Do most bands suffer a gradual decline or take a nose dive?

I’m playing Heavy Horses right now, arguably the last great album of Jethro Tull’s. Their next studio album was Stormwatch, which is dreck by comparison. Exception or the norm?

I’m thinking, too, that the fall from Exile On Main Street to Goat’s Head Soup was pretty steep for the Stones…

Its a toss-up. Some die slow (Rush, Black Crows), some tank it hard (Oasis, remember them? or Guns N’ Roses). Never can tell who’s who. I’ll have to resurrect an old sig line for this post.

Actual quote heard at a club recently: “Axl Rose? Who is hell is that puffy, old queen?”

Nose dive. My theory would be that they put there best material on their breakout/first album. That music was probably created over many years. Then they get about 6/9 months to make another, better album. It’s more than most bands can deal with. This of course applys only to bands that actually write there on stuff. Not pop stars that have music selected for them.

Of course you have to consider where they fell from. Not including their misbegotten foray into psychedelia (i.e., Their Satanic Majestries Request), the Stones consistently put out some of the greatest rock-and-roll albums ever in the six or so years before Goat’s Head Soup. At that point, even an above-average album would’ve been a precipitous drop.

As for the OP, I think it varies. Despite some good songs that came afterward, I think The Who started gradually declining after Quadrophenia until now when they’re just a revival act. Likewise, I think REM has slowly gotten less interesting since around 1995. As for sudden drops, Stevie Wonder’s music noticeably fell off with Journey Through the Secret Life of Plants and he has since never returned to this artistic peak of the 70’s. And, of course, I’m not including those acts whose quality yo-yos.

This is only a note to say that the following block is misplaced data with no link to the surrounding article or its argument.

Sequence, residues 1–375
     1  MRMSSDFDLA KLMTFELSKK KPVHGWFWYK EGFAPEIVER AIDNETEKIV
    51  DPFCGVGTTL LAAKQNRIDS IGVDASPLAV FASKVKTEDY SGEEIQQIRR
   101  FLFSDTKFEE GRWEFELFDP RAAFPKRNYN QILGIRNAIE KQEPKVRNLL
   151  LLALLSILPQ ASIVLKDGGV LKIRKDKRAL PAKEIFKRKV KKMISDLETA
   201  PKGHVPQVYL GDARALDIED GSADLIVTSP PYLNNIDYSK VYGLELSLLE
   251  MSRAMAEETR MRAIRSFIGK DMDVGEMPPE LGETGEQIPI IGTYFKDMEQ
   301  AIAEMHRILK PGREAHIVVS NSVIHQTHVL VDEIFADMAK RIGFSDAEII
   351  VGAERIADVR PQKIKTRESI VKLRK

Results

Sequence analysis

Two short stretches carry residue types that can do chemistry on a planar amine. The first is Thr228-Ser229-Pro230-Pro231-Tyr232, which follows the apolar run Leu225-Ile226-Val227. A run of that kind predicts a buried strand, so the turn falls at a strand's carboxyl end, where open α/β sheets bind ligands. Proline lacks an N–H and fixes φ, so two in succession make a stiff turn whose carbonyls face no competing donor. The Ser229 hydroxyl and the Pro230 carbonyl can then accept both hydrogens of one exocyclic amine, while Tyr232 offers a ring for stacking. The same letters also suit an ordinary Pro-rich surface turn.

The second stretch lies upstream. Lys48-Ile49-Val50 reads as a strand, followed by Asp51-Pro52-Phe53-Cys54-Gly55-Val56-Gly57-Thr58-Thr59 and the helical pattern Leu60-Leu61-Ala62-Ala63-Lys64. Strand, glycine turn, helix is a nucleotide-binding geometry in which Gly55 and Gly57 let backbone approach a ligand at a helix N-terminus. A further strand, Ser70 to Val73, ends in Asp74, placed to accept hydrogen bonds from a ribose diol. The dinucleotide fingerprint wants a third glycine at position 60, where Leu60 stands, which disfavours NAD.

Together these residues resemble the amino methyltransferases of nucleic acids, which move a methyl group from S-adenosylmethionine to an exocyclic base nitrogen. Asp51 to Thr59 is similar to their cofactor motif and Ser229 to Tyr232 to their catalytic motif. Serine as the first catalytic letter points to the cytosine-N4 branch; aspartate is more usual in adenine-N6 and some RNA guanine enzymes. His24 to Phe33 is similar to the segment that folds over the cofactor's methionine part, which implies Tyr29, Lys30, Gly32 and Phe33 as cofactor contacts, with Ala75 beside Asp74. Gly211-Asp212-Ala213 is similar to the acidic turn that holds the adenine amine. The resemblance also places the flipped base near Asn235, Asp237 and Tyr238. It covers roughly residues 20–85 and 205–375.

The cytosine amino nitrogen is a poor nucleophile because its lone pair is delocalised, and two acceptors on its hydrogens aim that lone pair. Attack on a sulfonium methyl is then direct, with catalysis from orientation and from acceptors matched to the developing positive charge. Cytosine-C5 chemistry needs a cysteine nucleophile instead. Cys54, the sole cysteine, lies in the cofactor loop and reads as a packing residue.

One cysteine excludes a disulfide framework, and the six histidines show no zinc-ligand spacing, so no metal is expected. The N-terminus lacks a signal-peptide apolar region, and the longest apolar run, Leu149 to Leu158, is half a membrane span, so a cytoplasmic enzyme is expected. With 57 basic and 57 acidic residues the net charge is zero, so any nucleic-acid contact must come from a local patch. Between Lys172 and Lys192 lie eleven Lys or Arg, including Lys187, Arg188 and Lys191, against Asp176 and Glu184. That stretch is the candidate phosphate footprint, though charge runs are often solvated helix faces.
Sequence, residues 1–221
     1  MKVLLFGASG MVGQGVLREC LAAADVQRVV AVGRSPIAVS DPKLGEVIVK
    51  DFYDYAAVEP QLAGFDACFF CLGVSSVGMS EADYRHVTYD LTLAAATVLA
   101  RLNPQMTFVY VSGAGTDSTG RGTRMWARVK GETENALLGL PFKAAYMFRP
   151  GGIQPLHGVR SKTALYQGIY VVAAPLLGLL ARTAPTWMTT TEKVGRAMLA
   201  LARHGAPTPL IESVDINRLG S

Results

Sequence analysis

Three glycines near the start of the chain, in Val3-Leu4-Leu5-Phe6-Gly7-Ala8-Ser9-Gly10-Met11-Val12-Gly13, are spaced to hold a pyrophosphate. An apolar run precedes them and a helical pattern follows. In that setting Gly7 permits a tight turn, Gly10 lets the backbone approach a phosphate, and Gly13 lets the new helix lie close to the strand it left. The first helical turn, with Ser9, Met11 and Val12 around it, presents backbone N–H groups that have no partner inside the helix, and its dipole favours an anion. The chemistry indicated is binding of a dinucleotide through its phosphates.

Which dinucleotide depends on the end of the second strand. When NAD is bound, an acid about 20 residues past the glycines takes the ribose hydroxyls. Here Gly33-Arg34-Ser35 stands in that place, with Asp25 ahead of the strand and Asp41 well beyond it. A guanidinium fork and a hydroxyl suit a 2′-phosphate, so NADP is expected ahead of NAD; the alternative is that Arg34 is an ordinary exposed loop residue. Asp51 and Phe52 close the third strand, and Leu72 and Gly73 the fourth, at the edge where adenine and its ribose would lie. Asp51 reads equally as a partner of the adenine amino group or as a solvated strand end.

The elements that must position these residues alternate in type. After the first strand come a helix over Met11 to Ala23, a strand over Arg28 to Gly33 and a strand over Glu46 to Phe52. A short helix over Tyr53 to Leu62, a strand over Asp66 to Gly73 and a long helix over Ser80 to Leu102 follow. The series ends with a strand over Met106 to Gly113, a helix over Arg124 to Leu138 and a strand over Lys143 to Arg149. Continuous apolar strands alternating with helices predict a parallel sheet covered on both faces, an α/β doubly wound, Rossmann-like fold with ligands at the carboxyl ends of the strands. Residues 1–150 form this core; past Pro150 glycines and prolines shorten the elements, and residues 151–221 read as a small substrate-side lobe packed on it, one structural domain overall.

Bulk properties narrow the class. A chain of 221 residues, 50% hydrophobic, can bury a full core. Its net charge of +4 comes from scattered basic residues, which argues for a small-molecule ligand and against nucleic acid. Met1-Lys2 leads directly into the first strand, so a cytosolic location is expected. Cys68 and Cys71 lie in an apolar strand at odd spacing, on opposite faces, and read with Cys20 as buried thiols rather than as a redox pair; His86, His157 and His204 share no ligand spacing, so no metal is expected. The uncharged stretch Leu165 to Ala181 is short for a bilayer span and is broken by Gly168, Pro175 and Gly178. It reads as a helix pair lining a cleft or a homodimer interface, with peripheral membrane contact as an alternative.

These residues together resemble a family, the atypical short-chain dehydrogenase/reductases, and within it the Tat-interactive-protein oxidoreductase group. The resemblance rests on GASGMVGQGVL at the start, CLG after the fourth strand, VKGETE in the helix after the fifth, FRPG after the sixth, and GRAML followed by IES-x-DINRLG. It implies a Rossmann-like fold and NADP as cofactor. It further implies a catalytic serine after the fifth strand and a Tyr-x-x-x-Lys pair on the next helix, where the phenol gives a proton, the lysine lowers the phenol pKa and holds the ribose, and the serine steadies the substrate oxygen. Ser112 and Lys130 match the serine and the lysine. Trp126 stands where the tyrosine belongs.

John Denver was more of a gradual decline while Lynyrd Skynyrd was definately a nosedive.

err, definitely.

Actually, you have this backwards. John hit the water pretty much nose first, but Skynyrd gradually fell into the trees after losing power.

Stevie Ray was kinda going along level and the ground rose up to get him! :frowning:

But it was still a good joke!

She told me she loved me like a brother. She was from Arkansas, hence the Joy!

*Originally posted by gatopescado *
**Actually, you have this backwards. John hit the water pretty much nose first, but Skynyrd gradually fell into the trees after losing power.

Stevie Ray was kinda going along level and the ground rose up to get him! :frowning:

But it was still a good joke!

Damn, can’t even make a joke without being corrected on a fact.


You fucked up the coding, too! :smiley: (hee hee)

Buddy Holley did a John Denver, and Patsy Cline did more of a Skynyrd. Bill Grahm did the Stevie Ray, but it was the power lines that got him.

(There is a moral to this, by the way. Sit back down and wait for it.)

Moral: If you ever make it big as a Rock Star (or Rock Impressario), ALWAYS FLY COMMERCIAL!! And STAY THE HELL OUT OF HELICOPTORS!!

Delta-32 Skee-do!

John Denver is a prime example of what happens when you stop experimenting with drugs and start experimenting with aircraft.

Thanks, I’ll be here all week.

I don’t know where, but I once read:

You have your whole life to write your first album and 6 months to write your second.

Gradual decline most often, but a sudden drop in quality after the first one or two records.

WTF? gatopescado keeps tripping me up with this gag vB coding.

Most people will say nosedive, acknowledging the ‘sophomore slump’ which might have tinges of truth, but the fact is, a band doesn’t really write its whole first album from its entire prior life. It’s generally composed of fairly recent material, not songs from when they were 12 or some B.S.